Against a city and nature background, dancer in a blue shirt, blue mask, and black leggings touches tree bark with hands while looking up toward branches.
By Amelia Martinez
I had the pleasure of observing the freshmen Improvisation class taught by Christine Colosimo. The talented young dancers were creating and learning in a new environment that was a beautiful nature filled area, filled with warm sunlight through the trees on this October day. With masks on, the class transitioned to an outdoor classroom to allow for safe distancing in the pandemic, as well as providing Zoom for those who choose to attend class from their homes.
Dancers in masks, hoodies, and athletic pants are spread across a field of grass. One dancer stands in a light blue hoodie, has their back to the camera with arms spread out to the sides, and head tilted slightly to the right.
Christine led them through many peaceful and experiential exercises, allowing them to observe the natural space around them. She related these exercises to Avatar the Last Airbender’s elements: Water, Earth, Fire, and Air. There were dancers who chose to dance based on the observations they found from the brick wall, the trees, the expanse of the space, and even the grass.
Dancer in a white hoodie lays down on grass. Their hand gently touches the green grass and newly fallen yellow leaves.
Throughout the class there were opportunities to create movement and share them with the class in groups. The Zoom classmates were not left out at all, as the outdoor class circled around the screen, a safe distance away from each other, to see the movement discoveries that were being made. After they showed their improved movement, they shared in discussion about their learning. One student on Zoom danced in their kitchen with a chili pepper and found that they were relating to nature in a new way. Thinking about the growth and agricultural process it takes for that chili pepper to make it to their kitchen right then and soon to nourish their body, inspired a movement that was new and exciting for them.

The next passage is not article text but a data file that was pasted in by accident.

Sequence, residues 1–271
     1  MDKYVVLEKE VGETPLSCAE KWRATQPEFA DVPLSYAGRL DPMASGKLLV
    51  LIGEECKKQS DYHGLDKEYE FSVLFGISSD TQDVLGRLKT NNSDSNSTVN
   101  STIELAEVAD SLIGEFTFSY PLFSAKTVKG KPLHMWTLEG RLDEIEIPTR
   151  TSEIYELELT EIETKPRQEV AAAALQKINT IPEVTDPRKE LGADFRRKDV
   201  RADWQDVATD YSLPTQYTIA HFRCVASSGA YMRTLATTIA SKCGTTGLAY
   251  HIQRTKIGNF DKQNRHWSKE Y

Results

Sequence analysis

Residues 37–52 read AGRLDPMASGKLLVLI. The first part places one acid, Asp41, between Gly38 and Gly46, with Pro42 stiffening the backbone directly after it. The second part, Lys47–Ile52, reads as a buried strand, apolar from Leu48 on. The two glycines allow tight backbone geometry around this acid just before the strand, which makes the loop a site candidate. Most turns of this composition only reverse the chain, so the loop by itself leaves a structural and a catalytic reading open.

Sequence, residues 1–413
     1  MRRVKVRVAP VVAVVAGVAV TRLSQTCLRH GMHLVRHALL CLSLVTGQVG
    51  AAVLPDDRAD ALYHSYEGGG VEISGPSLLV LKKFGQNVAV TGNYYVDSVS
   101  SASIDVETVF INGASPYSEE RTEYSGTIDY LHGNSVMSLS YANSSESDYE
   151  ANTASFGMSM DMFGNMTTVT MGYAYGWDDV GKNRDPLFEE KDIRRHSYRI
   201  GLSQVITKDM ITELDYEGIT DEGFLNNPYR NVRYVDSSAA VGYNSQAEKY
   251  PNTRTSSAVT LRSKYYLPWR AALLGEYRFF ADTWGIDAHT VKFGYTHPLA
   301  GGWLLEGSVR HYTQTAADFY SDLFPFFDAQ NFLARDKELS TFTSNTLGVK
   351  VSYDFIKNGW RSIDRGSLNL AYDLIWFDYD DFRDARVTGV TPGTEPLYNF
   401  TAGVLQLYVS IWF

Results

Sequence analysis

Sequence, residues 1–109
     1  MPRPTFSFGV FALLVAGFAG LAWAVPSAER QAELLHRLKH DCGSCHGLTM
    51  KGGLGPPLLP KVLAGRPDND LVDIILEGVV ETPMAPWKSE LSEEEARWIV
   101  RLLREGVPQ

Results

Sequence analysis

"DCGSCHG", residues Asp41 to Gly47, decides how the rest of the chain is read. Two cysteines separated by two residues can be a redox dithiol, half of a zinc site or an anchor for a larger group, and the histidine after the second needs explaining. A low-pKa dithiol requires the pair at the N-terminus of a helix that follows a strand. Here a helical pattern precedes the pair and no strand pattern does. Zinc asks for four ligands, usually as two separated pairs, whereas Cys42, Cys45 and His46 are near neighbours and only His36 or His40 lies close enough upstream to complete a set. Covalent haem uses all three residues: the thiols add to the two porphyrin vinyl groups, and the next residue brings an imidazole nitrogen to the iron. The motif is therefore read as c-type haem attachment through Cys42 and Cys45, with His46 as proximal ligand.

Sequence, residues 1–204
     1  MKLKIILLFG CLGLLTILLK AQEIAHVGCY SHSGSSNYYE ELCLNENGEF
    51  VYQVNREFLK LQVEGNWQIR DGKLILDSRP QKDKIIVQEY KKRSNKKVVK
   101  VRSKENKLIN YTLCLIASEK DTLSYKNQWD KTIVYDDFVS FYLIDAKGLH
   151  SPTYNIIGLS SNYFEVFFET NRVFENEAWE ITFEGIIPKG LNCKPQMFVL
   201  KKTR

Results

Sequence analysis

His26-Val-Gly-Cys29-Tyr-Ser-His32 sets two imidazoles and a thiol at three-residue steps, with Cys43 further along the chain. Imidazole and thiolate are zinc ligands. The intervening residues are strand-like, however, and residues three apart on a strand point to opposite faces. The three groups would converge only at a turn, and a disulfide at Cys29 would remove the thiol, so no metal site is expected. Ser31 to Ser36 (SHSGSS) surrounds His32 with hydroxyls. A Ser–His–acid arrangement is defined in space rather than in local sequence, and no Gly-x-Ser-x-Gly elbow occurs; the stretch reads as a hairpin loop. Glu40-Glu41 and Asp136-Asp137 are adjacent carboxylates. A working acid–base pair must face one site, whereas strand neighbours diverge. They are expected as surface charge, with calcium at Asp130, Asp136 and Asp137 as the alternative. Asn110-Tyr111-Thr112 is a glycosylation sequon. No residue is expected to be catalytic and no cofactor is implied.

Professor Colosimo sits on the grass with a black shirt, grey pants, and white mask with a clear barrier over mouth. Christine is holding the Zoom class on her silver computer toward the outdoor class to watch their movement and listen to their reflections
The dancers had some time to reflect with paper and pen about their experiences dancing in nature and they came up with unique drawings and poems! These helped them to have a tangible record of what they were experiencing in this class that will hopefully continue to inspire them in their dance creations for the future.
Dancer in a grey and white striped zip up sweater and red mask, shows an orange drawing made as a reflection to their improvisational movement that was shared in class.
Finally, the dancers moved across the expanse of the “Secret Garden” to engage all their discoveries in a full-bodied expression of movement. Seeing their movements come alive in their own unique way was a beautiful experience and it makes me so hopeful for this new generation of Temple dancers!!
Dancers in masks, hoodies, and athletic pants spread out across a brick wall in various dance poses or mid movement, while being socially distanced.
Amelia Martinez, MFA in Dance Candidate. Amelia is in a grey shirt against a white background and offset black shadow of her body while her face looks past the camera.
This semester I am experiencing a great deal of interdisciplinary work through my Studio Research (dance choreography) class and my Graduate Projects Fibers (art, fibers and material studies) class. The classes are both intended for graduate students to create individual work in their given fields and use the art form to research a question or an idea of our own choosing. Ultimately, creating a visual work or choreographic piece presented as the final project. By choosing to combine my fibers project and my choreography into one performative art experience, I have found many new valuable insights that are carrying me forward in my creative practice, research, and movement artistry.
Photo by Brian Mengini of “Pattern Of Mesh”